You've probably figured out by now that Bridgerton isn't exactly based on a true story. String quartets (unfortunately) didn't play "thank u, next" at formal balls in the 1800s, and young ladies of the time wouldn't have dared push back on their families' plans for them. There's also the fact that the Netflix series is based on a series of romance novels by Julia Quinn, who has described the process of building the Bridgerton family's world herself.
Still, there's plenty that the period drama does get right about the Georgian era of the early 1800s (thanks in large part to Quinn's heavily researched world-building and historical consultant Hannah Greig's contributions to the TV adaptation). The social season and "marriage market" were very real, as were Regency-era ladies' lack of sex education and the birth of anonymous gossip columns and scandal sheets. Another historically accurate tidbit? Bridgerton's portrayal of Queen Charlotte, who isn't actually included in Quinn's series. Here's everything you need to know about the fascinating real-life wife of King George III.
Queen Charlotte may have actually been Black.
Many historians believe that the royal, born Sophia Charlotte of Mecklenburg-Strelitz in 1744, did indeed descend from African ancestry. Claims that Queen Charlotte was of mixed race were initially sparked by historian Joel Augustus Rogers, who wrote in 1940's Sex and Race, Volume 1 that portraits and contemporary descriptions of Charlotte "clearly [show] a Negro strain."
More recently, a Frontline investigation by historian Mario de Valdes y Cocom traced Charlotte's ancestry via six separate lines back to Margarita de Castro e Souza, a 15th-century noblewoman whose own lineage leads back to Madragana, a mistress of King Afonso III of Portugal who many historians believe to have been a Moor of Northern African descent.
For the record, after the Frontline series was published in 1999, a spokesperson for the royal family—that is, Charlotte's great-great-great-great-granddaughter Queen Elizabeth II—reportedly told the Boston Globe of Queen Charlotte's potential mixed-race heritage, "This has been rumored for years and years. It is a matter of history, and frankly, we've got far more important things to talk about."
Charlotte's rumored background influenced the casting of Bridgerton.
Bridgerton showrunner Chris Van Dusen has shared that he was largely influenced by this version of Queen Charlotte's history while seeking out actors to bring the lords and ladies of the series to life.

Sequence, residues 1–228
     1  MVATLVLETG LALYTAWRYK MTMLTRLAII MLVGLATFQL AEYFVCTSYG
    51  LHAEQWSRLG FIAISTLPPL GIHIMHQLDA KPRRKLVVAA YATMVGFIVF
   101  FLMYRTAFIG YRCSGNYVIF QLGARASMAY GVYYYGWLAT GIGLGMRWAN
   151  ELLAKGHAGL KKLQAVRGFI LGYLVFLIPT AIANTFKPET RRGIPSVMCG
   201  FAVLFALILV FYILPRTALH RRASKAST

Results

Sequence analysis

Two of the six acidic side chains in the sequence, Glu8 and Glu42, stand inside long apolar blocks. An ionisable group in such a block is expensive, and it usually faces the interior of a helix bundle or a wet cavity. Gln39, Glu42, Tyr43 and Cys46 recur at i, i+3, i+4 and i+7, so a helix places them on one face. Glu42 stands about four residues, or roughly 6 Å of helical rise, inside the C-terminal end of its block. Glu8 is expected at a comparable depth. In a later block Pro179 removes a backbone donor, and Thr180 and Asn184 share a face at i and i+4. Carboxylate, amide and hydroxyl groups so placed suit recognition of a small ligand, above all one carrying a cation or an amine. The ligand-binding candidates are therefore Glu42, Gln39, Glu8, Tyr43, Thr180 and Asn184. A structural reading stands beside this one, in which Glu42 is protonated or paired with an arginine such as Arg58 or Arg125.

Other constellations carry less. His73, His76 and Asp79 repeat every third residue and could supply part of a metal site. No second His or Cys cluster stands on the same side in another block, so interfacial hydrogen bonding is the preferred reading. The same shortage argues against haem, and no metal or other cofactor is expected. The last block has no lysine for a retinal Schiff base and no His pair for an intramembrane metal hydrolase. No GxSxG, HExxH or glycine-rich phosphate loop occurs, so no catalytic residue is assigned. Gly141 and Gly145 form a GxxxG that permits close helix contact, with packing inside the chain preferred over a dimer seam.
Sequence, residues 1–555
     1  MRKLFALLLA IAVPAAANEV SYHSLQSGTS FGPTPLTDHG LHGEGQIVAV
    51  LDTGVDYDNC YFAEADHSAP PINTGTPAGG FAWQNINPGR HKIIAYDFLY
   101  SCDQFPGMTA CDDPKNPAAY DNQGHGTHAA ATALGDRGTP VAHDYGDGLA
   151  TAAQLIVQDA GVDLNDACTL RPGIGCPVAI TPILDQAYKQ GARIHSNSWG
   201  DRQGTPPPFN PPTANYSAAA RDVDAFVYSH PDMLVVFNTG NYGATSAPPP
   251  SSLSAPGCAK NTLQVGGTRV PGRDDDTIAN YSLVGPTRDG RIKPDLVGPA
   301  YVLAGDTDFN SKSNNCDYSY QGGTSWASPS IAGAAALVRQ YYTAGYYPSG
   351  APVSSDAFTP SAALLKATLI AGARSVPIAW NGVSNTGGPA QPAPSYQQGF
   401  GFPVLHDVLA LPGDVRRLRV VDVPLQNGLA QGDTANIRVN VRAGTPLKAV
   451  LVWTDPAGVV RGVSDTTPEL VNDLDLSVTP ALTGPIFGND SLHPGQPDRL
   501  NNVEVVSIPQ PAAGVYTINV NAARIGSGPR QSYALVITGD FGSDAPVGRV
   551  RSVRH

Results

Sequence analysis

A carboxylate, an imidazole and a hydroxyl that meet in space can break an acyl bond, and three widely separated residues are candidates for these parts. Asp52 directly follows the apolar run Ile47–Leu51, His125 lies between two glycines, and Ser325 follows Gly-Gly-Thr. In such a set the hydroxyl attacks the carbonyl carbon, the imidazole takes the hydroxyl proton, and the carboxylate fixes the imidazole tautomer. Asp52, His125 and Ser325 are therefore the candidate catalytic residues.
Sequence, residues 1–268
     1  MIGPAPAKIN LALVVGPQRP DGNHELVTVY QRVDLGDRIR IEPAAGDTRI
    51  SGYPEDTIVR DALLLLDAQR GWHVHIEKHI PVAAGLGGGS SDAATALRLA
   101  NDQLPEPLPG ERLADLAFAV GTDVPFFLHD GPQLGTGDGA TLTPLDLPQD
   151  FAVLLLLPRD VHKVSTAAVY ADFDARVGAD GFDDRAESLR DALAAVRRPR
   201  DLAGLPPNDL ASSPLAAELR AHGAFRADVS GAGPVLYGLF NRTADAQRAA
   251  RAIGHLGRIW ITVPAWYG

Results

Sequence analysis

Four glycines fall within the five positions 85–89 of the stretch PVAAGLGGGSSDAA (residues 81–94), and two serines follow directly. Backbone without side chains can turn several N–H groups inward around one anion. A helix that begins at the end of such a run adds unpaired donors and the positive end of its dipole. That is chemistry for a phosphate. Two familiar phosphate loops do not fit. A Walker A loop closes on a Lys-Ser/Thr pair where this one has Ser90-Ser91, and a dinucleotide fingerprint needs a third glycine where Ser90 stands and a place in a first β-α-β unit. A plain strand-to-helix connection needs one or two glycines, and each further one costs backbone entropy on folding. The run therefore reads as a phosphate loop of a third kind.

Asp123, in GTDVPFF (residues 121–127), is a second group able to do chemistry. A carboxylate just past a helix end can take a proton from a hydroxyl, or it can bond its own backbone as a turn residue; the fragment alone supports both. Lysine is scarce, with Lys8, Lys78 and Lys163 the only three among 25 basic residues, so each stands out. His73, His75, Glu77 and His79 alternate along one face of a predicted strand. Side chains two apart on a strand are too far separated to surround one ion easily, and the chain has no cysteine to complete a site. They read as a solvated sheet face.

"It's something that really resonated with me, because it made me wonder what could that have really looked like. And what would have happened? What could she have done? Could the queen have elevated other people of color in society and granted them titles and lands and dukedoms?" Van Dusen told Collider. "That's really how our Simon Bassett, our Duke of Hastings, came to be. We get to explore it in a really interesting way. And it goes to the idea of what the show does is—we're marrying history and fantasy in a really exciting, fascinating way."
Queen Charlotte and King George III's marriage was truly a love match.
George and Charlotte were married within six hours of their first meeting in 1761, and though that may seem indicative of a union formed more for international strategy than for love, theirs is believed to have been one of the most successful and loving royal marriages up to that point. They welcomed 15 children together and doted upon each other throughout several decades of marriage, as evidenced by Charlotte's signing her letters to her husband as his "very affectionate wife and friend." They also are said to have shared a love of music, and often joined the royal band in playing the harpsichord and flute.
The pair remained married for nearly 60 years. Toward the end, as depicted in Bridgerton, Charlotte was deeply affected by King George's mental and physical illnesses. Though they lived separately during this time, Charlotte remained devoted to her husband, writing in one letter, "Our separation must be & really is equally painful to us both." Charlotte died in 1818, barely a year before her husband.
The queen actually oversaw the goings-on of London society.
Queen Charlotte was indeed very involved in the Ton's social scene. In fact, the first known debutante ball was hosted in her honor, with King George establishing the annual Queen Charlotte's Ball in 1780 to commemorate his wife's birthday.
Van Dusen, too, noted just how crucial a part of London society the queen was. "Adding Queen Charlotte afforded us an opportunity to see what true excess and decadence looked like at the time. She brings real import to the world as we get to be in some amazing spaces with her—from Buckingham Home to St. Regis Palace," he told ET Online. "Not to mention, she was definitely very much a part of the social scene during Regency times, so having her with us was important from a historical perspective as well."
Queen Charlotte was believed to be addicted to snuff.
In Bridgerton, Charlotte, played by Golda Rosheuvel, is often shown demanding snuff from her footservants. Snuff is a form of dried, ground tobacco and, yes, Queen Charlotte is believed to have been addicted to it. Charlotte is said to have kept an entire room at Windsor Castle full of nothing but snuff and, due to her addiction, was nicknamed "Snuffy Charlotte."